The Fascinating— and Sometimes Dark— Stories Behind Some of Your Favorite Ramadan Dishes

From basbousa to knafeh

In addition to being a seriously delicious source of sustenance, these popular Ramadan dishes also have a lengthy, and sometimes dark, history…


According to some, the famous Middle Eastern dish was created, and prescribed by doctors, to satisfy the hunger of caliphs during Ramadan. Made with vermicelli-like dough soaked in sugar syrup, layered with soft cheese, drizzled with rosewater and topped with pistachios, some sources say it can be traced back to the Umayyad dynasty in the Syrian city of Damascus, while others say it originated in 15th century Egypt.

Om Ali

Translating to “Ali’s mother,” the traditional Arab dessert can be traced back to around the 12th century in Egypt. There are several versions of the story behind the centuries-old pudding. The most popular theory pertaining to its origins is quite sinister, rooted in power, betrayal, and murder. According to the age-old legend, the story goes back to the 1240’s, when Shajar Al Durr, the first Sultana in the Middle East, gained power following the death of her first husband Assalih Ayyub, Egypt’s Ayyubid ruler. She went on to hide the death of her husband and secretly buried him, telling people that he was too ill to take visitors. She subsequently married the first of Egypt’s Mamluk Sultans, Izz al-Din Aybak, and after plotting his murder, became the ruler of Egypt. Ultimately, she was killed in retribution, whereafter Aybak’s first wife, who was known as Om Ali, asked to have a dessert prepared in celebration of her death.


Zalabia, or Jalebi as it’s more commonly known as today, is often referred to as an Indian dish, but did you know that its origins actually trace back to North Africa? It is said that Tunisians introduced this sweet dessert to the people of India, who loved the dish so much and adopted it into their own cuisine. Apparently, it was Abdurrahman Ibnou Nafaâ Ziriab, an Iranian musician that originated the dish and introduced it to the people of Tunisia.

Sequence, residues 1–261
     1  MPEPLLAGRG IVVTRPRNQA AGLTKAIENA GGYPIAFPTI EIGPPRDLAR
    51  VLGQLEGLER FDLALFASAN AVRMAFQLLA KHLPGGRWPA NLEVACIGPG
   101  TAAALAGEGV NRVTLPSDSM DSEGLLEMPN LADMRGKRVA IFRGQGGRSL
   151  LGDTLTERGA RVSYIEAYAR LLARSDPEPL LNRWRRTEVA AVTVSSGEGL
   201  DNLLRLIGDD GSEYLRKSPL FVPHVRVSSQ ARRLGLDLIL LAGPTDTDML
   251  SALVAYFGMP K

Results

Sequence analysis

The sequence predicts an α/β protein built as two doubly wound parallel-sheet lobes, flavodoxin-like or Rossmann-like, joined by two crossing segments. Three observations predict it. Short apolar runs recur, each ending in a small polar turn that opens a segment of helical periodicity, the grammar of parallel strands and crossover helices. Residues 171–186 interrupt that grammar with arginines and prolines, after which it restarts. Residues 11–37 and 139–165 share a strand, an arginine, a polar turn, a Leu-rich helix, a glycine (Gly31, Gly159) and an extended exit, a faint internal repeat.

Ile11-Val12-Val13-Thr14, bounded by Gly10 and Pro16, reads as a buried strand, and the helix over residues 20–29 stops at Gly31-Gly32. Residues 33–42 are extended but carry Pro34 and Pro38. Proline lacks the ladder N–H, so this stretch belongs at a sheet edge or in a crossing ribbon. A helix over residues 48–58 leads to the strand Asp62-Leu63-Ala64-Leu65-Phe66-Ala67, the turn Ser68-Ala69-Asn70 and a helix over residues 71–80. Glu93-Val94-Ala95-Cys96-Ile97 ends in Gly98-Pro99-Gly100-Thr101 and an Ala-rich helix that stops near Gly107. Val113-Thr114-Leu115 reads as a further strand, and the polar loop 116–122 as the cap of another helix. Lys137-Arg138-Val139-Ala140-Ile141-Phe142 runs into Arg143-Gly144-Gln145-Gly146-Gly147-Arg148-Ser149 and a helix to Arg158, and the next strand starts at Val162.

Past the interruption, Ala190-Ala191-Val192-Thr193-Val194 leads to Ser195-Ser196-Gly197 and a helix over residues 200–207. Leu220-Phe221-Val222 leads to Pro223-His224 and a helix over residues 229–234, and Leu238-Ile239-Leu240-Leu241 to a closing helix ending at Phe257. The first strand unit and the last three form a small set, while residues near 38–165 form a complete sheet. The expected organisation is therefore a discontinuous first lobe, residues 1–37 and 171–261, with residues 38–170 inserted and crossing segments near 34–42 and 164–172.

The fragrant semolina cake oozing in honey was inspired by revani, a classic cake from the Ottoman Empire. It’s said that revani was first baked by Ottoman pastry chefs to celebrate the conquest of Armenia in the sixteenth century. The battle of Revan, capital of the country, today called Yerevan, gave its name to this famous dessert, which went on to gain popularity in Egypt. Today, it goes by several names, including Basbousa in Egypt and many Middle Eastern countries, harissa in Tunisia, kalb el louz in Algeria, and chamia in Morocco.

Sawabe’ Zaineb

There are several versions of the story pertaining to the origin of the dessert, but the most popular narrative claims that Sawabe’ Zeinab was named after Al Sayeda Zeinab bint Ali, whose father was killed during the Battle of Karbala when she was four. When the soldiers noticed that she was not letting go of his body, they cut her fingers loose, and the dessert was later named after her as a tribute to her.

Photo: Instagram/@fortheloveoffood90

Share this article

Related stories